However, the supposition would be that Modafinil slows down the rate at which sleep accumulates during a period of wakefulness and Adderall, on the other hand, seems to increase the rate at which sleep accumulates during a given period of wakefulness.
Explanation #1: Modafinil decreases our need for sleep
It was observed that an individual’s need for sleep was the same in both cases of wakefulness induced by normal sleep deprivation and wakefulness induced by Modafinil. The conclusion here is that Modafinil does not reduce the rate at which sleep need accumulates during wakefulness.
Explanation #2: Adderall increases our need for sleep
Adderall is known to affect the noradrenergic (NET) and serotonergic (SERT) receptors. These signaling pathways are the main regulators of sleep patterns. It’s, therefore, possible that the actions of such amphetamines directly contribute to sleep debt accumulation.
In that case, Modafinil would not affect the quality or quantity of sleep or the effect would be minimal. Could this be the reason why Adderall causes much anxiety compared to Modafinil? Let’s dig further….
4. Why Modafinil doesn’t cause anxiety
Most methamphetamines have been found to enhance wakefulness and restlessness. This is due to their binding action on DAT which induces locomotor behavior that manifests in anxiety.
Some users have reported episodes of anxiety after using Modafinil. This could be as a result of the decrease in GABA. The general observation is that Modafinil will enhance wakefulness with minimal increase in movement.
The likelihood of experiencing anxiety while using Modafinil is much lower compared to Adderall.
5. Why isn’t Modafinil addictive?
The growing acceptability of Modafinil makes it a plausible candidate for dependability among heavy users. Interestingly this is not the case.
The key lies in the drug’s interaction with DAT. Modafinil inhibits DAT in a way that gives the user an upbeat feeling but without the necessary “high” that is common when one uses cocaine or Adderall. This is significant because that high feeling is the trigger to addiction.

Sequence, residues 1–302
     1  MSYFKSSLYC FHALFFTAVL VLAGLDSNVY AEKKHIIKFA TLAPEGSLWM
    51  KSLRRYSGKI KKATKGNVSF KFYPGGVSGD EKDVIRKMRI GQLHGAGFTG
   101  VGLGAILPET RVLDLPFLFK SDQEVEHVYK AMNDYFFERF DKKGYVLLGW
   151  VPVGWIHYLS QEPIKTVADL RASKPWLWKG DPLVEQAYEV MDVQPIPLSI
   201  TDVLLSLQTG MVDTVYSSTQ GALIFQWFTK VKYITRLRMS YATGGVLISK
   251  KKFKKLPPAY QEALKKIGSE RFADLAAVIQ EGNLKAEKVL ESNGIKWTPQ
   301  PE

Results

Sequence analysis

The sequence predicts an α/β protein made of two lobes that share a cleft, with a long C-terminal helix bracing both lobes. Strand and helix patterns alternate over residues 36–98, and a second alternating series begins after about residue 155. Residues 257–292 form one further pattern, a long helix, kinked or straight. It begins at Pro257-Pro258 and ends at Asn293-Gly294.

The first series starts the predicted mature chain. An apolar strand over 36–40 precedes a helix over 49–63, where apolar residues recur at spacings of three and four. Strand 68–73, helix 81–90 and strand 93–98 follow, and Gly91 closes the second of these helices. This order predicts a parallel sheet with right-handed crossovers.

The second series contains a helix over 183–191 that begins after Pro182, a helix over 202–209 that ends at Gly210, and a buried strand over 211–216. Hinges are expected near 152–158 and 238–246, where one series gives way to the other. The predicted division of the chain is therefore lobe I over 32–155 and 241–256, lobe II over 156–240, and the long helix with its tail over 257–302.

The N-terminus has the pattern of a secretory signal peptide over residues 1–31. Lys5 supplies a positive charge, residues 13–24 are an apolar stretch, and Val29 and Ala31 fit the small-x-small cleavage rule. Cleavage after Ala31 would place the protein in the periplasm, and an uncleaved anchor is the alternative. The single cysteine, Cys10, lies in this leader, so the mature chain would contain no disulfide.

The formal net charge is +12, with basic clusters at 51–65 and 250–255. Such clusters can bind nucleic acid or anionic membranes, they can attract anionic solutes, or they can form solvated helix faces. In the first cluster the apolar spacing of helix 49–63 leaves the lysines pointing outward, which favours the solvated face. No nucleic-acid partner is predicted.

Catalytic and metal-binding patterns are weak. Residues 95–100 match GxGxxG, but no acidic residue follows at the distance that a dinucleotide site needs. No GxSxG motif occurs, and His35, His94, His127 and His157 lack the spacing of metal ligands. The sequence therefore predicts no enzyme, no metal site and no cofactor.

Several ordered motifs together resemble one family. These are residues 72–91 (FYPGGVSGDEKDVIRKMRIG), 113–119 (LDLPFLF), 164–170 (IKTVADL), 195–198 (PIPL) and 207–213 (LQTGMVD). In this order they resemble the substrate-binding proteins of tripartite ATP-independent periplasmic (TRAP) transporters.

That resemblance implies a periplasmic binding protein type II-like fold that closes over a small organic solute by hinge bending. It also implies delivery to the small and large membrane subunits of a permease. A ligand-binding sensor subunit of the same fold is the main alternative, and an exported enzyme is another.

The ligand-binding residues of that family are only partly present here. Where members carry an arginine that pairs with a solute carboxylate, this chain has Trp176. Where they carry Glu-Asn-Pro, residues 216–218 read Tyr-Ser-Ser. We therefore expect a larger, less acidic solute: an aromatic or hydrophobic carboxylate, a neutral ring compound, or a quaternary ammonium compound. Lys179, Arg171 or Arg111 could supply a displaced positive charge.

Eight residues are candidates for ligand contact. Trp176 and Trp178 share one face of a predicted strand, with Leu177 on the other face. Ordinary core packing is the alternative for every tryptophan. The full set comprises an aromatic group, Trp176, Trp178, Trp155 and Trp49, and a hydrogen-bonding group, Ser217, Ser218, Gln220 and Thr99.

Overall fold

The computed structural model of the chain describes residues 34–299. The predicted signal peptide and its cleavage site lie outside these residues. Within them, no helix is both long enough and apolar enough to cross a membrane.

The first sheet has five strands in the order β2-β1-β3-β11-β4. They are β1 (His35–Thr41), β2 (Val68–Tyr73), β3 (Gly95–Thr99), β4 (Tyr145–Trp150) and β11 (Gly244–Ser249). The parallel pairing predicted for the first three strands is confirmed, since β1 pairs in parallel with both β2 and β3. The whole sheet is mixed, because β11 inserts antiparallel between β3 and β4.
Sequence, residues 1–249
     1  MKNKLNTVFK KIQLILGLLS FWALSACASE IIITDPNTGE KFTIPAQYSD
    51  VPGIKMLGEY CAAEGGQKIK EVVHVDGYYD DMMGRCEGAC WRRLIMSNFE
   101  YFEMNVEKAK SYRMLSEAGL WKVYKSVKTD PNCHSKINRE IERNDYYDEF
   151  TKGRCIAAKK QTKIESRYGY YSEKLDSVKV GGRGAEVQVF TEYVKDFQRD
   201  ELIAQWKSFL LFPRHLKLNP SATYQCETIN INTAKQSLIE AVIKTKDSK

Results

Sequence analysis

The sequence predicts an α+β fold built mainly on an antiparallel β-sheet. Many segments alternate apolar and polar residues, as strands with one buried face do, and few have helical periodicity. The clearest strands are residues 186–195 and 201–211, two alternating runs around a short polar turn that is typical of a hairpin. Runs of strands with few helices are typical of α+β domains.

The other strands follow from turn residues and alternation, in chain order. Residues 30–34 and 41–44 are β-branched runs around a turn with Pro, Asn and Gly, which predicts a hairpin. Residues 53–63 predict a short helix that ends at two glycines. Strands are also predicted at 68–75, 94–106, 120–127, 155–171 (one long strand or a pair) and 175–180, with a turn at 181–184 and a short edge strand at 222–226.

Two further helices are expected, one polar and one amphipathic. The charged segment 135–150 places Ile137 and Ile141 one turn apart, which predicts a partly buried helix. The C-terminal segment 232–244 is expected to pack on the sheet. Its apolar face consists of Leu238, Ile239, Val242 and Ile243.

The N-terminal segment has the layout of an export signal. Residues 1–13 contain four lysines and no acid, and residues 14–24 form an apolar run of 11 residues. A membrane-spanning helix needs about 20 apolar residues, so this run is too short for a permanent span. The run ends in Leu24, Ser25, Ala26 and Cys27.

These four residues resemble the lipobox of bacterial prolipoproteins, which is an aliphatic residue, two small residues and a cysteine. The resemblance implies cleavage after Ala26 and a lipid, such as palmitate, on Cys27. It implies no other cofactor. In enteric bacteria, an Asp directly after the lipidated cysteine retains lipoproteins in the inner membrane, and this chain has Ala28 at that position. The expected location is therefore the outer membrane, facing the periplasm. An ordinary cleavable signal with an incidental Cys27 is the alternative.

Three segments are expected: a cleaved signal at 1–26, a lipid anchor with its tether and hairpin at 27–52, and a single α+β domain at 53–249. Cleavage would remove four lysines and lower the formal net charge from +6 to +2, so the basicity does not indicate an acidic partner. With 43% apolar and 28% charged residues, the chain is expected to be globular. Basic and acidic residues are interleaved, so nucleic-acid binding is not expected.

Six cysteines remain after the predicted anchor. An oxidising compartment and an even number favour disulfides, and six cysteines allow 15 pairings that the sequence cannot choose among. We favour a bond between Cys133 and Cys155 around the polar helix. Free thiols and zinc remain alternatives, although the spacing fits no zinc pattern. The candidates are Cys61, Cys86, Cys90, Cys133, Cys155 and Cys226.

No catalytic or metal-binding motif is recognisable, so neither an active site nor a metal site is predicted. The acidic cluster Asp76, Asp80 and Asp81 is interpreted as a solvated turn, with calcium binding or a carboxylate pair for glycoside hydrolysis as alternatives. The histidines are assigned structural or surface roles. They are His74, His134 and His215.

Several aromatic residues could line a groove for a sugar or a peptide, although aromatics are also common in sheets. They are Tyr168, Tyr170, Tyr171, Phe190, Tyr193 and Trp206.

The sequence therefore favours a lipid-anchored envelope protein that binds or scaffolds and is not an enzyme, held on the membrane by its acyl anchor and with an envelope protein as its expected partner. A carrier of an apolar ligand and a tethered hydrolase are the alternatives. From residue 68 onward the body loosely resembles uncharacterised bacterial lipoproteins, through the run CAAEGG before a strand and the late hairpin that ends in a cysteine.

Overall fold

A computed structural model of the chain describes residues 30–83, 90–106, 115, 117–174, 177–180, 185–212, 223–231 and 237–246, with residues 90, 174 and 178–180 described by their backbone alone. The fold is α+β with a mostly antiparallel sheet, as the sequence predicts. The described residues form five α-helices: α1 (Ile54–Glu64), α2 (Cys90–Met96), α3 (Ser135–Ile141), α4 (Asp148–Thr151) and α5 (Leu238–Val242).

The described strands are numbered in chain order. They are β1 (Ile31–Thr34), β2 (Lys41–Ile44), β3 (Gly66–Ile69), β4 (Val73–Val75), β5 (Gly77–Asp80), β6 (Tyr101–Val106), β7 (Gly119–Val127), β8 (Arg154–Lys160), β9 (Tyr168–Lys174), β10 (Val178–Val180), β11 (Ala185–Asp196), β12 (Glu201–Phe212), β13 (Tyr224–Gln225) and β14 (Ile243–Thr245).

Modafinil is reported to bind mildly to the dopamine uptake site leading to a slow release of dopamine. In contrast, amphetamines bind tightly to the dopamine transporter resulting in a faster release of dopamine.
6. Why does Modafinil take so long to kick in?
Modafinil binds to the DAT in a slow mechanism that releases dopamine from the system at measured intervals. This is unlike the dopamine rush experienced with amphetamines. That’s the reason it may take one or two hours to start feeling the effects of Modafinil.
Give it a try
Modalert is a mild nootropic whose action lasts longer and has fewer side effects compared with other smart drugs. The secret to its mildness is the slow binding to the dopamine receptor. This allows for the slow release of dopamine that helps to enhance wakefulness and focus for an extended period.
However, Modafinil remains a potent cognitive enhancer that has proved itself as the most recognizable in its class. It is a safe Eugeroic that will keep you awake, alert and at the same time enhance your mood while improving your memory.
Its efficacy has fascinated governments, academics and other professionals across the world.
Now that you know the mechanism behind Modafinil, grab one and power your productivity by staying awake and focused.